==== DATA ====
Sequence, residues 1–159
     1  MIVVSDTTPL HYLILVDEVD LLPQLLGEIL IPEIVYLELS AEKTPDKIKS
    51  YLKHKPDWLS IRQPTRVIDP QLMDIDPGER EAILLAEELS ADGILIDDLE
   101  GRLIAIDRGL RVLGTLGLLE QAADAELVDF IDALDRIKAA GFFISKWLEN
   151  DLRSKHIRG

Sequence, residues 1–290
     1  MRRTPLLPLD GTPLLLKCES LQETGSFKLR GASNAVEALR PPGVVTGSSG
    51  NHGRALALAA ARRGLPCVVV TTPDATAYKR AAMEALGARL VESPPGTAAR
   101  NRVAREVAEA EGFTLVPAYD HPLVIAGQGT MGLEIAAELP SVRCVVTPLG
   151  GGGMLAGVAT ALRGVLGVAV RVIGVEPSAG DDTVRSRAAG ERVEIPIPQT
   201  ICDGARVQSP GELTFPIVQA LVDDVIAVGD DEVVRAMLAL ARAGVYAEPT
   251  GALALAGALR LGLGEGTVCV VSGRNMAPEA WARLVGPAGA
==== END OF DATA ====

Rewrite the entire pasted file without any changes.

Sequence, residues 1–159
     1  MIVVSDTTPL HYLILVDEVD LLPQLLGEIL IPEIVYLELS AEKTPDKIKS
    51  YLKHKPDWLS IRQPTRVIDP QLMDIDPGER EAILLAEELS ADGILIDDLE
   101  GRLIAIDRGL RVLGTLGLLE QAADAELVDF IDALDRIKAA GFFISKWLEN
   151  DLRSKHIRG

Sequence, residues 1–290
     1  MRRTPLLPLD GTPLLLKCES LQETGSFKLR GASNAVEALR PPGVVTGSSG
    51  NHGRALALAA ARRGLPCVVV TTPDATAYKR AAMEALGARL VESPPGTAAR
   101  NRVAREVAEA EGFTLVPAYD HPLVIAGQGT MGLEIAAELP SVRCVVTPLG
   151  GGGMLAGVAT ALRGVLGVAV RVIGVEPSAG DDTVRSRAAG ERVEIPIPQT
   201  ICDGARVQSP GELTFPIVQA LVDDVIAVGD DEVVRAMLAL ARAGVYAEPT
   251  GALALAGALR LGLGEGTVCV VSGRNMAPEA WARLVGPAGA